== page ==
BayRock attempts to equate the submission of a claim under the Policy with the "demand for payment" required by the bad faith statute. That position, however, is directly contravened by relevant case law. In such regard, "[i]t has long been the law that in order to serve as a bad faith demand, the demand must be made at a time when immediate payment is due. An insured cannot legally demand immediate payment if the insurer has additional time left under the terms of the insurance policy in which to investigate or adjust the loss." (Citations and punctuation omitted.) Stedman v. Cotton States Ins. Co., 254 Ga.App. 325, 327(1), 562 S.E.2d 256 (2002).

    Here, the record shows that the Policy authorized Chicago Title to investigate upon its receipt of BayRock's claim. Thus, as BayRock concedes in its appellate brief, its demand was untimely made because it was not then immediately due. Stedman, 254 Ga.App. at 327(1), 562 S.E.2d 256; Buffalo Ins. Co. v. Star Photo Finishing Co., 120 Ga.App. 697, 702(1)(a), 172 S.E.2d 159 (1969). Further, even if immediate payment had been due, BayRock's demand would have been insufficient because, on its face, it served only to give Chicago Title notice of its claim based on a disputed title. A demand made under OCGA § 33-4-6 must give the insurer notice that it is facing a bad faith claim. Arrow Exterminators v. Zurich American Ins. Co., 136 F. Supp. 2d 1340, 1356(III)(F) (N.D.Ga.2001); Primerica Life Ins. Co. v. Humfleet, 217 Ga.App. 770, 772(1), 458 S.E.2d 908 (1995). No specific language is required; however, "[the language used must be sufficient to alert] the insurer that it is facing a bad faith claim for a specific refusal to pay so that it may decide whether to pay the claim. [Cit.]" Arrow Exterminators, supra, 136 F.Supp.2d at 1356(III)(F); see Cagle v. State Farm Fire, etc., Co., 236 Ga.App. 726, 727, 512 S.E.2d 717 (1999) (letter demanding payment and stating that bad *436 faith penalties and attorney fees would be sought for nonpayment within 60 days); compare Cotton States Mut. Ins. Co. v. Clark, 114 Ga.App. 439, 447, 151 S.E.2d 780 (1966) (court action threatened verbally when insurer refused to pay loss).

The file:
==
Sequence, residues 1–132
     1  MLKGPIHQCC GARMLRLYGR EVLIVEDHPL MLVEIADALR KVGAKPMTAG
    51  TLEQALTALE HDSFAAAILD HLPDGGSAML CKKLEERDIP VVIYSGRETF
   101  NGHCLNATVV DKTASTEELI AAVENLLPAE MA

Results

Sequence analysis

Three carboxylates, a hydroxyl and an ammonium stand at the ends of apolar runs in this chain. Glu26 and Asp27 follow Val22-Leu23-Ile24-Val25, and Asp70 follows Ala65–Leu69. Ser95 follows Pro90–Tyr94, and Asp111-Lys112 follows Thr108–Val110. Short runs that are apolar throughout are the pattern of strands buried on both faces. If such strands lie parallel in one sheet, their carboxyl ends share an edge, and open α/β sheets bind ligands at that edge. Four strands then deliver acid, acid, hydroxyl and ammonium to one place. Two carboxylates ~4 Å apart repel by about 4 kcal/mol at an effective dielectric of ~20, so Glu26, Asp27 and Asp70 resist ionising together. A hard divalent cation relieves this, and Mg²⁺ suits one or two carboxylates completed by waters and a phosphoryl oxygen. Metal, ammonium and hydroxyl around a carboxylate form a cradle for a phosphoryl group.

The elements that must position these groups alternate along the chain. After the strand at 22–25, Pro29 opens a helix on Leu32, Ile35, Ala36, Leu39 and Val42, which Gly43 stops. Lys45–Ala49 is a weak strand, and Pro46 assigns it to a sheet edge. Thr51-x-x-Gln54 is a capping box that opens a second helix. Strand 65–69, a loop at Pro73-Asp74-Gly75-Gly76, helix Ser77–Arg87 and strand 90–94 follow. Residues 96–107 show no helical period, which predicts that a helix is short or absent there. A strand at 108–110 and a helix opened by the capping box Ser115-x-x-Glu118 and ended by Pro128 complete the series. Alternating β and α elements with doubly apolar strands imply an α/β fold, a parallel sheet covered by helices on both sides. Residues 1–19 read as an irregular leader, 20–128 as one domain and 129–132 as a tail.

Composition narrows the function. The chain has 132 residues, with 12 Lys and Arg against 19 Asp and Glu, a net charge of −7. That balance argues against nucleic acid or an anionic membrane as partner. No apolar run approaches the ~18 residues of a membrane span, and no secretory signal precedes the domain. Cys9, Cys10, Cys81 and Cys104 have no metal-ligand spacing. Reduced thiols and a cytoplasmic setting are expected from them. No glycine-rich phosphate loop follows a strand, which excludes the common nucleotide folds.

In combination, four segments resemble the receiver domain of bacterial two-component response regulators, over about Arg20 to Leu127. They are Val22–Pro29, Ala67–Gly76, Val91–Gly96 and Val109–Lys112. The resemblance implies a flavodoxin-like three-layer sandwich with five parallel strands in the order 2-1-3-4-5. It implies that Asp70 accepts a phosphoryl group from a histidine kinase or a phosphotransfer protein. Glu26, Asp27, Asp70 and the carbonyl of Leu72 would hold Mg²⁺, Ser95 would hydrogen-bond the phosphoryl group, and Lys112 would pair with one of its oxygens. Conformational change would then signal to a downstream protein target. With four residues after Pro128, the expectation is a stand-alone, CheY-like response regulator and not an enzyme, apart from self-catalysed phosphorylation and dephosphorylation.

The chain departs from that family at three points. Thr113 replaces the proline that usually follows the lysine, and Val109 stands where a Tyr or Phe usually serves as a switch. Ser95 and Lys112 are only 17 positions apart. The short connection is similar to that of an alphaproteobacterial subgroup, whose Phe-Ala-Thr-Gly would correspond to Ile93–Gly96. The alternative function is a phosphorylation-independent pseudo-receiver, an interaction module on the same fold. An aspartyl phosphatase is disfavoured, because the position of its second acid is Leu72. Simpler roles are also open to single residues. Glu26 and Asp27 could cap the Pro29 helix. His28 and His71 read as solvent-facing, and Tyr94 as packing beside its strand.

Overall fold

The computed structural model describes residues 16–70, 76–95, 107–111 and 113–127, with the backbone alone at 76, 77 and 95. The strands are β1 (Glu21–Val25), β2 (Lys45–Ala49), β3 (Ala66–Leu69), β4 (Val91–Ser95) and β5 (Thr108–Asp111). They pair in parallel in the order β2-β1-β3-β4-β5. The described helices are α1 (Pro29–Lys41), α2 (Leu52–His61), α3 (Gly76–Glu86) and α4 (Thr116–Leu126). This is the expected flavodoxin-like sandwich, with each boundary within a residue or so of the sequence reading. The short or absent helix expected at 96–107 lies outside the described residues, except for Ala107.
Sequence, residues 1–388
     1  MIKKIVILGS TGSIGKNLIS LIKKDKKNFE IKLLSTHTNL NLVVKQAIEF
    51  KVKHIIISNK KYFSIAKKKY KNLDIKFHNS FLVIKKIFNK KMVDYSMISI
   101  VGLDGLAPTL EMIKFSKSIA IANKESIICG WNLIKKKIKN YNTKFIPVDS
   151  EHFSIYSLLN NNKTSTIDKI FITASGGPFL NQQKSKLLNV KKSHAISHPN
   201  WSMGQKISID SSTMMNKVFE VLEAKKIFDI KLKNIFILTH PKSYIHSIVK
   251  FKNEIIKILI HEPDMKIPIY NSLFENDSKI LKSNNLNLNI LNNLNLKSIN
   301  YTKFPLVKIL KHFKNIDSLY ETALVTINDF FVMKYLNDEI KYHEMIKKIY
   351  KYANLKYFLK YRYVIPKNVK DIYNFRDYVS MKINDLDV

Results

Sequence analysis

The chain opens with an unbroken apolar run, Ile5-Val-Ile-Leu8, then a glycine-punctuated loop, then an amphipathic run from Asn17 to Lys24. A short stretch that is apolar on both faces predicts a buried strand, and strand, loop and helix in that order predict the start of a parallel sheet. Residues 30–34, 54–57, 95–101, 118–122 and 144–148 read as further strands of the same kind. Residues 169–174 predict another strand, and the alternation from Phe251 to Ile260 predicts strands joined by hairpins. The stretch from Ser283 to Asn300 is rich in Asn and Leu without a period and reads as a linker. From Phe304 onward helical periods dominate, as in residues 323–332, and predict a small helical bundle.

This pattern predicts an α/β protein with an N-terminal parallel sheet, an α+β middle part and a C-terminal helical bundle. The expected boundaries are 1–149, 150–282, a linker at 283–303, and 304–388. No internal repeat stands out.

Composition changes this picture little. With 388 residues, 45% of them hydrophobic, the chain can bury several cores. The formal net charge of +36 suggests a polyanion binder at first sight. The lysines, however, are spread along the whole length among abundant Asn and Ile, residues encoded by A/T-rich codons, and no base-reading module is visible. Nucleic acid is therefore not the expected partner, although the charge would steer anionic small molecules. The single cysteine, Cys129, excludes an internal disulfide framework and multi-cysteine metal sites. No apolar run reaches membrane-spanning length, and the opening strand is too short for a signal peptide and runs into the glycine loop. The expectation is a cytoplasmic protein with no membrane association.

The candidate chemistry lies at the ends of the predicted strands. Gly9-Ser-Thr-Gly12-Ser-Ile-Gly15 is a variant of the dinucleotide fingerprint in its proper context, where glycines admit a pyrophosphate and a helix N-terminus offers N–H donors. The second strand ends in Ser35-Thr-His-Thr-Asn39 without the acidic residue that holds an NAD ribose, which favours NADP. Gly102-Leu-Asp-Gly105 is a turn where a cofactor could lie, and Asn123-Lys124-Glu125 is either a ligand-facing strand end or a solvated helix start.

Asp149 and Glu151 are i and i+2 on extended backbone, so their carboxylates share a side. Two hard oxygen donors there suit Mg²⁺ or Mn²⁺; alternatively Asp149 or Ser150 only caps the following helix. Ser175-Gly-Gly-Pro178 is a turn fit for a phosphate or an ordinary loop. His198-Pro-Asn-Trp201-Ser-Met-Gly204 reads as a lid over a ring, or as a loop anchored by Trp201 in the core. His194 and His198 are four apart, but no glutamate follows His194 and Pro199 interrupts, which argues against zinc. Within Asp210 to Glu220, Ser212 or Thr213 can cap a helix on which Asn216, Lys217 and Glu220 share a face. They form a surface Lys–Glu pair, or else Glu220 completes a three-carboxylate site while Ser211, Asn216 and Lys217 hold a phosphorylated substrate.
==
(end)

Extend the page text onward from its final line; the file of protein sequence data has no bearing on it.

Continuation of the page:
BayRock has failed to come forward with any evidence, express or implied, showing that its demand alerted Chicago Title that it was facing a bad faith claim for nonpayment of a loss within 60 days. In light of the foregoing, we need not address BayRock's remaining arguments seeking reversal of the judgment below.[3]

    Due to the inadequacies of BayRock's bad faith demand and the fact that Chicago Title met all its obligations under the Policy, we find that the trial court did not err in denying BayRock's motion for summary judgment and granting Chicago Title's cross-motion.

    Judgment affirmed.

    BARNES, C.J., and SMITH, P.J., concur.


    [1] Prior to the trial court's rulings on summary judgment, BayRock refused Chicago Title's offer to provide BayRock title to the property and $15,000 in settlement of its claims.

    [2] OCGA § 33-4-6(a) provides that an insurer owes a bad faith penalty and reasonable attorney fees "[i]n the event of a loss which is covered by a policy of insurance and the refusal of the insurer to pay the same within 60 days after a demand has been made by the holder of the policy and a finding has been made that such refusal was in bad faith. . . ."

    [3] Chicago Title's motion to strike BayRock's reply brief on appeal insofar as it challenges the trial court's suggestion at its hearing on summary judgment that BayRock settle its lawsuit is therefore dismissed as moot.